Step 8: Transfer document stamped

The purchaser’s solicitor/conveyancer will then arrange for the transfer document to be stamped before settlement, so the purchaser can register the transfer immediately after settlement has taken place. This will often be a requirement of the purchaser’s lending institution for the transfer and so the mortgage can be registered promptly.

Step 9: Formal questions conducted

The period of time between the purchase of the property and settlement – the point at which the property transfers – does vary between the states and territories and is typically 30 to 90 days but this can vary by agreement.

During this period there is an exchange of formal questions and answers about the property between the purchaser and vendor conducted by respective solicitors/conveyancers, referred to as requisitions on title. Keep in mind, in Victoria these have been replaced by warranties in the contract.

Step 10: Searches made for defects

From the purchaser’s perspective further searches and enquiries will be made by the solicitor/conveyancer to identify any defects in title, unapproved construction on the property and land contamination amongst other things.

Step 11: Calculation of final payment

In the lead up to the settlement date the vendor’s mortgagee must be contacted to calculate the payout figure at settlement, arrange attendance at settlement to provide a discharge of mortgage and to hand across the title to the property.

Step 12: Adjustments calculated

Then ‘adjustments’ will be made up to the date of settlement, by the purchasers solicitor/conveyancer which are then agreed by the vendors representative to allow for council and water rates, most commonly, that the vendor has paid. These adjustments are then part of the final settlement calculation for money to be paid across at settlement.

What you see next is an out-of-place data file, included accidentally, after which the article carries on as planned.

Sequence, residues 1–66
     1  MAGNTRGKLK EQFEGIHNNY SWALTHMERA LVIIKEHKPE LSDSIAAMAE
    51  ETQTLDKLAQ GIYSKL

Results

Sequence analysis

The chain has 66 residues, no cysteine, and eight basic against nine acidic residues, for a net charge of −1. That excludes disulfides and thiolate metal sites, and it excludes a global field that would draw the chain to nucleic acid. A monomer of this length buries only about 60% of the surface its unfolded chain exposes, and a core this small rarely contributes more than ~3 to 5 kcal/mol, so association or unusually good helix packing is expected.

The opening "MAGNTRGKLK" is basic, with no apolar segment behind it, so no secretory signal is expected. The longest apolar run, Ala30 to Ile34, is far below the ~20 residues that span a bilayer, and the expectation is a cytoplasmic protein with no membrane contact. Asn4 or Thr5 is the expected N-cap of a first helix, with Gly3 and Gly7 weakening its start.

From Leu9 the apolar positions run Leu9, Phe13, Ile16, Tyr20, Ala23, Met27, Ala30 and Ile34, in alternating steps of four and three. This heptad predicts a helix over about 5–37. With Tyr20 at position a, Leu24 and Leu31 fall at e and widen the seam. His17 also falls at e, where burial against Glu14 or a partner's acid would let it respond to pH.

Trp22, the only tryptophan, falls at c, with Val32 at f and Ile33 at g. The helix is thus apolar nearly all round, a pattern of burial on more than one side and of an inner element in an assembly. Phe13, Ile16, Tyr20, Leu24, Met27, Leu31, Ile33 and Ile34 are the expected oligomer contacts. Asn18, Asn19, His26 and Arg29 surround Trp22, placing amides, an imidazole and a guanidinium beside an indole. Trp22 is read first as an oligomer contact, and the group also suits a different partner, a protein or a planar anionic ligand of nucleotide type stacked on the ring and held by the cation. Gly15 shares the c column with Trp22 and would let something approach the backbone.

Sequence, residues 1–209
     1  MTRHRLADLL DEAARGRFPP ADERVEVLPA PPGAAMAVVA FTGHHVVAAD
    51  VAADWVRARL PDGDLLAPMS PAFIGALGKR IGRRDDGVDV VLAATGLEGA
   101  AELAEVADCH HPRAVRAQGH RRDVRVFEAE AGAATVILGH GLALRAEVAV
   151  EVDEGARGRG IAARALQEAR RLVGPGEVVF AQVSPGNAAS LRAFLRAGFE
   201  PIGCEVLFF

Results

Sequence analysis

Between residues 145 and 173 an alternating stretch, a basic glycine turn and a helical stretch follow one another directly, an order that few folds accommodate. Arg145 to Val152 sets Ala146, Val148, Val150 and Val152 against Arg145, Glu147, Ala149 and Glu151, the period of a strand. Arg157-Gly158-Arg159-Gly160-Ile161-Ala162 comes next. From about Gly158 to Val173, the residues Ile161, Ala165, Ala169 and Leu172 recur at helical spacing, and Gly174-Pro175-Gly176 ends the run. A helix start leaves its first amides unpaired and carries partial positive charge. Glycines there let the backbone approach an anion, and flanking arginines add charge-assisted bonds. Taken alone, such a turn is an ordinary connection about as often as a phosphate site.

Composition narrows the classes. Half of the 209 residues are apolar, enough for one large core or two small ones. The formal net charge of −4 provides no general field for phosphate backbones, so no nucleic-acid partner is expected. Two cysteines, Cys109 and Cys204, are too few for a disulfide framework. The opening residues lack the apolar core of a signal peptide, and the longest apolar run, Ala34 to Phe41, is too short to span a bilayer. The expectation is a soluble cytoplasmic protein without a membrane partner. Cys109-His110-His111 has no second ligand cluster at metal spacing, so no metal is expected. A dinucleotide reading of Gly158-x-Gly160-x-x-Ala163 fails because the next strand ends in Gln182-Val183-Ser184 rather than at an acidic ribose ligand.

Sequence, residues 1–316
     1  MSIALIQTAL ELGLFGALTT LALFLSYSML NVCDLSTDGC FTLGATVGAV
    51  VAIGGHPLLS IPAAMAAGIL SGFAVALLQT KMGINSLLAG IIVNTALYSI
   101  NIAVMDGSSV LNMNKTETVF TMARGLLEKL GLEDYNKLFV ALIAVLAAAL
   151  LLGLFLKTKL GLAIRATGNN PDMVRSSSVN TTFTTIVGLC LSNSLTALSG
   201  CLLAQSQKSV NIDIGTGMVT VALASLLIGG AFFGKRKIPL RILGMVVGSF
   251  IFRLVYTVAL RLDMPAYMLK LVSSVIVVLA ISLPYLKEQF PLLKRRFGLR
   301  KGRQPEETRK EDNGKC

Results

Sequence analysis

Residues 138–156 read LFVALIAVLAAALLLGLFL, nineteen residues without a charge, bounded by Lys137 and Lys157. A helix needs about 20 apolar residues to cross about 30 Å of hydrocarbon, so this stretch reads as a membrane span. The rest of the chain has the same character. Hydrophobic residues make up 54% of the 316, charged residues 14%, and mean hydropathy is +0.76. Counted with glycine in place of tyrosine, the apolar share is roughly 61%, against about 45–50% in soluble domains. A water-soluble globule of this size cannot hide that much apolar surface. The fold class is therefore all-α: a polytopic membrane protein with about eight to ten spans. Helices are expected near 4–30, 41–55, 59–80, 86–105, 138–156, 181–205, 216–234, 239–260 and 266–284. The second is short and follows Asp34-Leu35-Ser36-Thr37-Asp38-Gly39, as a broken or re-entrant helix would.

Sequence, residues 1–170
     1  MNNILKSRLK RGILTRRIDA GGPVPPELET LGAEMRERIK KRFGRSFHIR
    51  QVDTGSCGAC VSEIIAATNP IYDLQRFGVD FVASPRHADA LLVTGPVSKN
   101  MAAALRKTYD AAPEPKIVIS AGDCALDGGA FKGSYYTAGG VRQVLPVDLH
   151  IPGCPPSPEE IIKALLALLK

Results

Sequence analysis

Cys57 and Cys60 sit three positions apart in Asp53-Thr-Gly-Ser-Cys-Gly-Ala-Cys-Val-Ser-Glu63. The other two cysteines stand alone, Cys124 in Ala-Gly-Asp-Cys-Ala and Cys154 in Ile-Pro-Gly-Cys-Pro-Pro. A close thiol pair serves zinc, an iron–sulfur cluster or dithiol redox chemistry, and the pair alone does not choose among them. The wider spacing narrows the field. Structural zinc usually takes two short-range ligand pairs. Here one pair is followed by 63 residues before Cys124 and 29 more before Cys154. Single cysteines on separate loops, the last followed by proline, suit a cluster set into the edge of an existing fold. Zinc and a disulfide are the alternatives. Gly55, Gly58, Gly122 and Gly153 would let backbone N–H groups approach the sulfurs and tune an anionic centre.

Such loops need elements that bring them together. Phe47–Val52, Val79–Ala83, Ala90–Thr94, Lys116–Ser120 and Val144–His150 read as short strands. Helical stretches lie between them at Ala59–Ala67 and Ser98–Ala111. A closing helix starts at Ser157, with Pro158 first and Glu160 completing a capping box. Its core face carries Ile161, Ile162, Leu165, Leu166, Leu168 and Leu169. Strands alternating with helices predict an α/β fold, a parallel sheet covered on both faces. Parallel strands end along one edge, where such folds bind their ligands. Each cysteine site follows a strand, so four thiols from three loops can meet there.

Step 13: Settlement

Settlement day then arrives and this is the day the purchaser provides the agreed money to the vendor. The purchaser’s solicitor/conveyancer will complete a final search before settlement to ensure that the title is free from any restrictions that may have occurred between the date of exchange of contracts and settlement.

Settlement is usually physically attended by both the vendor and purchaser’s solicitor/conveyancer and the financial institutions. This is where the title documents are handed over in exchange for the final payment of the agreed purchase amount.

And then you’ve finally reached the end of the conveyancing process and have either sold your property for cold hard cash or are the proud new owner of a nice piece of real estate.

Are you looking to purchase property in the near future? Land yourself a great home loan package by comparing deals in Mozo’s comparison hub or to find out where property prices are tipped to go in the New Year, read our predictions here.

Conveyancing part 1: What is the conveyancing process? was last modified: January 14, 2016 by David King

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6 Comments - Write a Comment

  1. I didn’t know that the conveyancing process was actually buying the land/house from the vendor. My wife and I have started looking into buying a home in the near future and have heard the phrase, but neither of us knew what it was. We learned quite a bit from your article and will be sure to use these steps in the future. Thanks for the help.

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  2. Hi David,

    I have enjoyed reading your article very much. It is more helpful to get best information about property conveyancing. Really, entire information is more useful for the entire conveyancing process. I am very glad to go through your wonderful article; it is more informative and helpful too. Thanks for sharing a nice article.